It may be unreasonable as Taniel puts it for us to expect Dems to all come back home but I think it is reasonable to expect some more than 65% of Dems to vote Obama in some solid Democratic states. Especially since policy wise there is not much difference between Clinton and Obama.
    One thing that is unknowable at the moment is would Obama increase turnout so much with Blacks and students to help win?
    Turnout in those groups is typically lower than the general populations and that isn't saying much. Since most western countries have much higher turnout at elections than America does. Therefore there is a lot of room for improvement in turnout - which could render these polls very inaccurate.

    By Anonymous Mike, At 18 April, 2008 06:35  

  • The groups that support Obama are not reliable. Loud and vocal support is nice, but getting your ass out and voting is what counts. I think these numbers show definitively that Obama is the divider of the party, not Clinton. The continued use of the rhetoric by Obamans day after day that the opposite is true, can only drive down his support among Democrats more. Consistently now polling suggests more Obamans will support Hillary than Hillaryites will support Obama. Obama loses no matter what. If the party defies the will of its members, the members will not support the party. The DNC wonders where the checks are?

    By Anonymous Anonymous, At 18 April, 2008 07:11  

  • Anon 07:11. You say that Obama supporters are unreliable, then how can you count for the fact that thousaands, if not millions of new voters turned up to vote for him? Indeed the democratic primary has divided the party, but to say that its mostly Obama's fault is very disingentious. Clinton's constant bashing of him not on issues but on gaffes is hurting her own image among Dem voters and hurting Obama if he becomes the nominee.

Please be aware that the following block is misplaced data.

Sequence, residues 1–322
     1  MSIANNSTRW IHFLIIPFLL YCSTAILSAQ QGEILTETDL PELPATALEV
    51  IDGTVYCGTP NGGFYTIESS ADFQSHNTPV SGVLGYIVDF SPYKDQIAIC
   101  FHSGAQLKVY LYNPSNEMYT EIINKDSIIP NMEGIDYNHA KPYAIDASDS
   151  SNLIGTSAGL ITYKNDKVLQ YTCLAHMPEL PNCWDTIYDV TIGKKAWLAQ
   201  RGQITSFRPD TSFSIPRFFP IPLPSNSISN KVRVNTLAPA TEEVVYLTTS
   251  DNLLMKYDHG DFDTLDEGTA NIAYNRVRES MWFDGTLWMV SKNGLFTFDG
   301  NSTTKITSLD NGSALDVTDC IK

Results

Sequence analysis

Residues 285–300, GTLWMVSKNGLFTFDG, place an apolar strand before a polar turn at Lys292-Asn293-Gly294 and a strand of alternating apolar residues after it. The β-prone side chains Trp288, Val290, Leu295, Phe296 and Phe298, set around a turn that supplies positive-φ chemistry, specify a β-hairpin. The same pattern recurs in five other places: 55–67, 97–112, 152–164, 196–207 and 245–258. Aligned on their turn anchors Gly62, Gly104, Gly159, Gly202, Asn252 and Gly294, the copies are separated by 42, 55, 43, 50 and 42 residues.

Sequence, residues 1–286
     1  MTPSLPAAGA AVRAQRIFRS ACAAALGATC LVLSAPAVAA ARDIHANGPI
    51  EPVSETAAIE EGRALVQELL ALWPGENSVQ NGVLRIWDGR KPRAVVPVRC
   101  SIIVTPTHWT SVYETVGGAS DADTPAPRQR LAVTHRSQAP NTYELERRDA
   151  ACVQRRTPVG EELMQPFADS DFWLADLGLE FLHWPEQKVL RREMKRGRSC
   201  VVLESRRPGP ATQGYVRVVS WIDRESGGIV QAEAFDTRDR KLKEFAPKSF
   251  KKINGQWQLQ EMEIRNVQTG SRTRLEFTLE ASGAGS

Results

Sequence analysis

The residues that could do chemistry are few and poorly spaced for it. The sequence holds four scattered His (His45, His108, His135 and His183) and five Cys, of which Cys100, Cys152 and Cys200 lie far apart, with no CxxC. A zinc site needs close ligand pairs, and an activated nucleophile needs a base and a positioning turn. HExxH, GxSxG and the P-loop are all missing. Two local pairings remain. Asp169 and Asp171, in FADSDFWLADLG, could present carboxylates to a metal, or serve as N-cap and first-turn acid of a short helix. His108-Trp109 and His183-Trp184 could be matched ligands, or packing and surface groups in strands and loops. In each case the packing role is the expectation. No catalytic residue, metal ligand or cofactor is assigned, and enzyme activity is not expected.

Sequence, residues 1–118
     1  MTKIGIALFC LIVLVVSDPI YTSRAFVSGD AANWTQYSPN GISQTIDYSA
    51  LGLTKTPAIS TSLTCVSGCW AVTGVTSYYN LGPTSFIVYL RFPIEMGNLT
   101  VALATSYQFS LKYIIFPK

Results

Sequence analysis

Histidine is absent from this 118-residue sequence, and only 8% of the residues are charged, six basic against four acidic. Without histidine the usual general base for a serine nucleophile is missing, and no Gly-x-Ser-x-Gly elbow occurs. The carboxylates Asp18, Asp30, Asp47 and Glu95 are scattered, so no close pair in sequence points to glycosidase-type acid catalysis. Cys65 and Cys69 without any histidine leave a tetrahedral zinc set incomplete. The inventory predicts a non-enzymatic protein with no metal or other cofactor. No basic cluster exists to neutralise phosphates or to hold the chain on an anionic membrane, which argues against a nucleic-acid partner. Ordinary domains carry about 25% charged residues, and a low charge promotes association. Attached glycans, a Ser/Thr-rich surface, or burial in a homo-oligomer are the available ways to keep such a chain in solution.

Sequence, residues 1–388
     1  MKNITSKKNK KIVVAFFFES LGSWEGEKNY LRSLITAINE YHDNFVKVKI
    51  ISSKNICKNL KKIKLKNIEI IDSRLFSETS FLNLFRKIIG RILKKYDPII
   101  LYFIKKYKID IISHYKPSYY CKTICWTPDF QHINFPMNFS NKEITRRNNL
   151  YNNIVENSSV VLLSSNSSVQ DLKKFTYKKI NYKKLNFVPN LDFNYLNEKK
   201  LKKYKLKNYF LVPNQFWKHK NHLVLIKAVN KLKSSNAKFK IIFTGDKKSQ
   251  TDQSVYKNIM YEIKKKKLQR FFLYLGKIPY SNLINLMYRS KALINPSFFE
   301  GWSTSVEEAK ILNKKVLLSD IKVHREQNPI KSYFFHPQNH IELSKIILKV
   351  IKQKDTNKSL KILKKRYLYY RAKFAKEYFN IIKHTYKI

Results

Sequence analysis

And yes, Obama supporters are more likely to support Clinton, but that only matters if Clinton actually overtakes Obama in pledged delegates, in which Obama supporters would be understanding and vote for the nominee. If hillary wins because of the superdelegates then the amount of Obama supporters who won't vote for her will at least double if not more.

    By Anonymous jaxx raxor, At 18 April, 2008 09:03  

  • Anon - 7:11 using your argument you could say the Hillary supporters are less reliable because they are willing to vote Republican even though if Obama was the nominee he woul dhave very similar policies to Clinton. Obama supporters are more loyal Dems and include some of the largest rock solid Democratic voting blocs.

    By Anonymous Tom, At 18 April, 2008 09:05  

  • The minority of Democrats support Obama, not the majority. That's his weakness. We saw in past elections this wildly excited group of new voters evaporate in the fall. To say Obama supporters are more loyal is an outright falsehood. Loyalty requires you to vote for Hillary, not Obama. The result is that loyal Democrats will stick with their leader and not stray to Obama. The entire Obama mantra seems to be phony. When bogus points are examined and found to be deliberately mis-leading, true issues are not credible.